What your urine says about your health

Chronicle (Zimbabwe) - - National News - Health Mat­ters Dr Anitha An­chan

KID­NEYS fil­ter out tox­ins and bal­ance fluid in the body to se­crete urine. Tox­ins, bac­te­ria, ex­cess pro­tein and sugar, etc. cir­cu­lat­ing in your body ul­ti­mately make their way into the urine. Hence urine can pro­vide im­por­tant clues about what’s hap­pen­ing in the body.

The colour, odour, and con­sis­tency of urine, and how of­ten you feel the urge to go can all tell a lot more about the sta­tus of your health.

Notic­ing a change in urine may in­di­cate some­thing as harm­less as what you ate to some­thing as threat­en­ing as can­cer.

Here are the changes that you might see in your urine and what it says about your health: Colour change — what shade is it? The char­ac­ter­is­tic yel­low colour of your urine is due to a pig­ment called urochrome or uro­bilin. De­pend­ing on the con­cen­tra­tion of urine, its colour varies from clear to deep am­ber. Your urine changes colour de­pend­ing on what you eat or drink, what med­i­ca­tions you take, etc.

Clear: When you are suf­fi­ciently hy­drated, you will have clear urine. Di­uretic medicine could also have the same ef­fect. Deep yel­low: This means you are de­hy­drated. Red­dish hue: Liver disease causes jaun­dice which turns the urine darker. In­take of beet­root, iron sup­ple­men­ta­tion, food colour­ings, etc. can give a red hue to your urine.

Blood Red: Red colour urine may also be a sign of blood in urine (haema­turia) due to uri­nary tract in­fec­tion, kid­ney stones or can­cer of the kid­ney.

Rich wine red: Por­phyria, a ge­netic dis­or­der, can give the clas­sic “port wine colour to the urine”.

Green or blue: Cer­tain med­i­ca­tions, food colour­ing, uri­nary tract in­fec­tions due to pseu­domonas bac­te­ria, etc. can turn your urine green or blue.

Brown or black: Your urine may turn brown or black if you suf­fer from a con­di­tion called alka­p­tonuria, a rare in­her­ited ge­netic dis­or­der in which your body can­not break down amino acids phenyl­ala­nine and ty­ro­sine. Odour change – how does it smell? Changes in urine odour could in­di­cate a med­i­cal con­di­tion. In fact, dogs have been shown to ac­tu­ally “smell can­cer” in urine. The odour of urine is nor­mally mild. De­hy­dra­tion can cause your urine to have a stronger than nor­mal smell. Foods like as­para­gus, gar­lic, etc. can pass their char­ac­ter­is­tic smells on to the urine. Pun­gent smelling am­mo­nia-like urine odour could be a sign of uri­nary tract in­fec­tion. If your urine smells sweet you could be di­a­betic. A strong, stale urine odour can be a sign of liver disease and cer­tain meta­bolic dis­or­ders. Con­sis­tency of urine – clear or cloudy? Too much of pro­tein in your diet may cause your urine to be frothy and foamy. Con­stantly cloudy urine may in­di­cate an in­fec­tion. Stones in your kid­ney can also make your urine cloudy.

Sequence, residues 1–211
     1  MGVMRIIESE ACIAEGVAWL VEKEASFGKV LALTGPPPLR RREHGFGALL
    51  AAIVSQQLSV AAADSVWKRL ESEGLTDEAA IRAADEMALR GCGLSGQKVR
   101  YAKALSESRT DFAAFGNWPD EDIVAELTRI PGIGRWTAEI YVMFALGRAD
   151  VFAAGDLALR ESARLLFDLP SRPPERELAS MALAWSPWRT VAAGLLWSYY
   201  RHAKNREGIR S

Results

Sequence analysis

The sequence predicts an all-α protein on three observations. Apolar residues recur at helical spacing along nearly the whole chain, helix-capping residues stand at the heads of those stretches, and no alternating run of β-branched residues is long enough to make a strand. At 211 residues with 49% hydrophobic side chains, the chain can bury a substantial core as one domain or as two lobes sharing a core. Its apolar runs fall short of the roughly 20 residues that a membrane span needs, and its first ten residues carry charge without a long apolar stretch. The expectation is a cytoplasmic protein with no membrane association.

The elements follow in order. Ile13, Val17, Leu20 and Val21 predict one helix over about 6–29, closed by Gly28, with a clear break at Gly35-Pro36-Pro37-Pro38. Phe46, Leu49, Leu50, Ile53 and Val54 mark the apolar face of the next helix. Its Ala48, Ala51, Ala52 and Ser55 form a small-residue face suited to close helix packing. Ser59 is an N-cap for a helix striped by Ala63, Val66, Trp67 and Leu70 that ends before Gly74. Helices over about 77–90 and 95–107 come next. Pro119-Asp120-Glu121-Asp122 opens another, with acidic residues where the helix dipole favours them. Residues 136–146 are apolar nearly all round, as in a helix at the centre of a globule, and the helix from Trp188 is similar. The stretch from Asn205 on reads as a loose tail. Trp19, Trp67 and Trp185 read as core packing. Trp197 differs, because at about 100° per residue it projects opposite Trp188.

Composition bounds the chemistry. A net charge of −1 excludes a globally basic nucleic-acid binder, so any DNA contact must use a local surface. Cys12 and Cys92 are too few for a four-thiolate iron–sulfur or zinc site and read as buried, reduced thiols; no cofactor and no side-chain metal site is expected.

Fre­quency – how of­ten do you feel the need to go?

The fre­quency of uri­na­tion can be an im­por­tant in­di­ca­tor of your health. Usu­ally, how of­ten you feel the need to go de­pends on how much fluid you drink. But in­creased fre­quency even af­ter lim­ited fluid in­take and the urge to go more of­ten may be a sign of blad­der in­flam­ma­tion, over­ac­tive blad­der, di­a­betes, be­nign prostate en­large­ment, etc.

Mean­while, olig­uria is a de­creased out­put of urine — be­low 400 millil­itres of urine over a pe­riod of 24 hours. Anuria is com­plete ab­sence of urine or less than 50 millil­itres of urine out­put in a 24-hour pe­riod. De­hy­dra­tion, uri­nary tract ob­struc­tion, or block­age, some med­i­ca­tions, end-stage kid­ney disease, se­vere fluid loss (hy­po­v­olemic shock), etc. can make you not go to the bath­room enough.

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